A Long-Term View of Snowpack in New Mexico

One of the latest climate change talking points is snow. If it isn't climate change causing too much snow in the Northeast, it is causing too little snow in the West. Whatever the problem -- no matter how internally incoherent and contradictory -- climate change is the problem.

At the New Mexico Daily Lobo (the newspaper of the University of New Mexico), there is an interview with "a professor of Earth and planetary sciences specializing in large-scale climate change, about the state of climate change today and what the future looks like for New Mexico" in which the recent declines in New Mexico's snowpacks are discussed:

"I was a lead author on the IPCC (Intergovernmental Panel on Climate Change) report that came out in late 2013 -- that is assembled by the United Nations every six or seven years -- to assess climate change research. That report confirmed previous assessments that there was incontrovertible evidence that the planet is warming up; that there was increased confidence that the increase was at least partially due to human activities, mainly increased greenhouse gas concentrations; and that the increase in greenhouse gas concentrations and the increase in surface temperature is highly likely to continue this century ...

If one looks at late season snowpack data for New Mexico, it is clear that some of the stations have significant declines in their snowpack over the last three decades on the benchmark beginning of March and April measurement dates.

But what needs to be discussed is our very poor understanding of long-term trends in snowpack, because this will tell us about whether the recent declines in some regions are part of a cycle and something not as unsual as very short-term records might suggest. The long-term view generally helps temper the short-term alarmism.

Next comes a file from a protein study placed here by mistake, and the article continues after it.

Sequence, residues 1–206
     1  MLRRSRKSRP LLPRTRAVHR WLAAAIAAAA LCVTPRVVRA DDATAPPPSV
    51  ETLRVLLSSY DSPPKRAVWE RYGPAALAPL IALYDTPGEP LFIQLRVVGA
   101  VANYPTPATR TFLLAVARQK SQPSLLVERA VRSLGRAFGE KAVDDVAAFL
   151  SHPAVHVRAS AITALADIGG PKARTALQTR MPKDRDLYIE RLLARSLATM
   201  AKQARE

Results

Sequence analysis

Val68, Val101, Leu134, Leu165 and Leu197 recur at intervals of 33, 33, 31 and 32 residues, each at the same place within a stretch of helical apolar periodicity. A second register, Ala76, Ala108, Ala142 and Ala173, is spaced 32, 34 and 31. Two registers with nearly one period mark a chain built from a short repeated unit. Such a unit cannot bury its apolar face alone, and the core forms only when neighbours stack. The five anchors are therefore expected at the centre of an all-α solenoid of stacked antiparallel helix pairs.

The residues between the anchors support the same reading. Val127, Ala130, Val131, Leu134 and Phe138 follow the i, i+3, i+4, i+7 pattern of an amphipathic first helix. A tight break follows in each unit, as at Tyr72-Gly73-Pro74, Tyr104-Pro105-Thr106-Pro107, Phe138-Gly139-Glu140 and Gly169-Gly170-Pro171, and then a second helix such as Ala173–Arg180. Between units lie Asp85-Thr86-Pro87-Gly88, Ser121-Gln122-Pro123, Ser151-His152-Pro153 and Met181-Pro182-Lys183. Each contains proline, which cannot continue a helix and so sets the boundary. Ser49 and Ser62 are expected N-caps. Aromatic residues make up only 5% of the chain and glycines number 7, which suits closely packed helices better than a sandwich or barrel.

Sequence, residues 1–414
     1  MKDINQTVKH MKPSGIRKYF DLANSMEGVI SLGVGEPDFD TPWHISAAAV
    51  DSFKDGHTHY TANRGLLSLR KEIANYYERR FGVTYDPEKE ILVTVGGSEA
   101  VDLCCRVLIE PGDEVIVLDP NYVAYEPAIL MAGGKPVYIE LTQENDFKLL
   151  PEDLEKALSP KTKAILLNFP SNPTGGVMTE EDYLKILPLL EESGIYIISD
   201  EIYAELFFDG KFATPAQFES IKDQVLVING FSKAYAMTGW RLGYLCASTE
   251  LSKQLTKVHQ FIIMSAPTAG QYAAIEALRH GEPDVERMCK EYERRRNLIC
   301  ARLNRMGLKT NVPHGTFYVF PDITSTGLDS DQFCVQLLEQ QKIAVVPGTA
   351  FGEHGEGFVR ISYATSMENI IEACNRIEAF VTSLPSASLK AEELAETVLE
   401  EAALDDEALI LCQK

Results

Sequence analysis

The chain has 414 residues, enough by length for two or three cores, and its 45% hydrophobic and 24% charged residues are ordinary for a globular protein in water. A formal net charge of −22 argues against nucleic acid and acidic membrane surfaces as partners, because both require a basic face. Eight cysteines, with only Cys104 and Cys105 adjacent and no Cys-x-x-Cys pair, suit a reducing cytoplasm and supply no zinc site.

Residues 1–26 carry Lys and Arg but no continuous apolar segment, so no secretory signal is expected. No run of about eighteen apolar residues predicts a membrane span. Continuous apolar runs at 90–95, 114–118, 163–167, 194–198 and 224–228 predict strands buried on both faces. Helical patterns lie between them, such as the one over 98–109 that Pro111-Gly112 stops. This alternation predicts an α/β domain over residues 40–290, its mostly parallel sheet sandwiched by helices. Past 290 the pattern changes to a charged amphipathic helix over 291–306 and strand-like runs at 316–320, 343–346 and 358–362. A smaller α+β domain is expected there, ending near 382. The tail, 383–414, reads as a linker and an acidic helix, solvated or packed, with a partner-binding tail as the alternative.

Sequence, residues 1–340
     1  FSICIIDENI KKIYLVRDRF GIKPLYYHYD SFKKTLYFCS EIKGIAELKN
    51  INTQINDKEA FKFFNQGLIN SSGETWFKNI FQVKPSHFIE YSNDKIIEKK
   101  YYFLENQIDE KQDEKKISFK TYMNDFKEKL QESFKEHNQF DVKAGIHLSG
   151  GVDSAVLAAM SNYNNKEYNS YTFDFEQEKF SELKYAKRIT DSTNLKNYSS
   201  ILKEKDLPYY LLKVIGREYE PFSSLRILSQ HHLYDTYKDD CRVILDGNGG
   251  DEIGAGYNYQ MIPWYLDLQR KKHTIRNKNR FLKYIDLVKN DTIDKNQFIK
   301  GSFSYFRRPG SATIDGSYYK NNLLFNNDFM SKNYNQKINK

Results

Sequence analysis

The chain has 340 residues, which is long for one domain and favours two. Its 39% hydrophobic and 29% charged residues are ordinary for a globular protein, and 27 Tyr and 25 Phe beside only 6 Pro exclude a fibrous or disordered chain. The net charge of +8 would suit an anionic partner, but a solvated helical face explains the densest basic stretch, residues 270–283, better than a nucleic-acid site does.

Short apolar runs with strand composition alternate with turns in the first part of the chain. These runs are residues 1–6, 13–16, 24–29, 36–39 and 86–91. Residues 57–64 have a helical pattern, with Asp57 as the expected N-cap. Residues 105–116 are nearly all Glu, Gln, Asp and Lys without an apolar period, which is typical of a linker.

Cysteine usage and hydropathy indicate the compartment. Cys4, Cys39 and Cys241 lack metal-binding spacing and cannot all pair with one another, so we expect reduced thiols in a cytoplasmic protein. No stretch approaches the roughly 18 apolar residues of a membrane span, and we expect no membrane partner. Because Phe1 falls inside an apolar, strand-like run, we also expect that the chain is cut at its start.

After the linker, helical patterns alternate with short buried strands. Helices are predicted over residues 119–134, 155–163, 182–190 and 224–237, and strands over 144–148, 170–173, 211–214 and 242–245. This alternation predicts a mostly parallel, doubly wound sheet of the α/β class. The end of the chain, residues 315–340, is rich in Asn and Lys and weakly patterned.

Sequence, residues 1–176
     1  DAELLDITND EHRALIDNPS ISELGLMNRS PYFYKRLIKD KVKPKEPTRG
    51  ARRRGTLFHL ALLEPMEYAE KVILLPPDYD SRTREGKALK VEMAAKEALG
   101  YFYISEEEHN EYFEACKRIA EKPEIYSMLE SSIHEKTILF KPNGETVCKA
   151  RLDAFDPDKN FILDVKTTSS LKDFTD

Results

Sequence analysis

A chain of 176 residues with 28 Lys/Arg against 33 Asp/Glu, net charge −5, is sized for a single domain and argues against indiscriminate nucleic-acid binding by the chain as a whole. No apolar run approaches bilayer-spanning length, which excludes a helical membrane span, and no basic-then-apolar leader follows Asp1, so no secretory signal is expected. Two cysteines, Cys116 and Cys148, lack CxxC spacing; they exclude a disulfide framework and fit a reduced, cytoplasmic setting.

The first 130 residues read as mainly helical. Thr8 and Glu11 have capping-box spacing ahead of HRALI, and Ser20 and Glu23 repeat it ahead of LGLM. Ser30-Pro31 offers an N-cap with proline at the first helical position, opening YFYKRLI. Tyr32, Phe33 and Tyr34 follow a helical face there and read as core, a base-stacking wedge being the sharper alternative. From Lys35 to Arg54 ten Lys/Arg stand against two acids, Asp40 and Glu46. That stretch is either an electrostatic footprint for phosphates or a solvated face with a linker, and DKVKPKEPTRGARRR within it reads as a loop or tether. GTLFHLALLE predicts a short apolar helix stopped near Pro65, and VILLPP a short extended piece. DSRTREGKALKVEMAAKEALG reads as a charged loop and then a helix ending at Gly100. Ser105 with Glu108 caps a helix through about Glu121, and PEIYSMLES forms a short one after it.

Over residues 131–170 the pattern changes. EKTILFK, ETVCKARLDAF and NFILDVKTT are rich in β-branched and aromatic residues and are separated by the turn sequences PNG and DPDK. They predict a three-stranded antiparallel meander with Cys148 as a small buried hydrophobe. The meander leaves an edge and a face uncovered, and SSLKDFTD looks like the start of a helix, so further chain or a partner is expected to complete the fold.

Of the 58 snowpack monitoring sites for New Mexico in the USDA National Water and Climate Center database, the average date of installation is 1982. Just 13 of the sites have snowpack records extending back before 1970, and only 7 of the sites provide snow data dating back to at least 1950. Thus, we have a very incomplete record of long-term snowpack data in the state. The dataset is heavily biased towards just the last few decades -- of which the snowpack tended to be higher than the historical average in the late 1970s and early 1980s. This doesn't do much to inform us about the causal relationships for trends over this short timespan, and is likely to lead to spurious conclusions.

None of these 7 long-term stations have any sign of a significant trend in their March 1 or April 1 snowpacks since 1950. Increasing and decreasing correlations are about evenly split. As a result, the only reasonable conclusion is that there is no evidence that late season snowpacks in New Mexico are undergoing any long-term changes.

The state has seen very low snowpacks before in the historical record if you look at the few stations with data available back to before the 1970s, but you certainly won't see that if you are limited to a dataset dominantly only a few decades long. Once again, it is time to put aside the alarmism and take a longer term view of snowpack in the Southwest -- recognizing that some declining trends since the late 1970s and early 1980s do not tell the complete climate story.

One of the latest climate change talking points is snow. If it isn't climate change causing too much snow in the Northeast, it is causing too little snow in the West. Whatever the problem -- no matter how internally incoherent and contradictory -- climate change is the problem.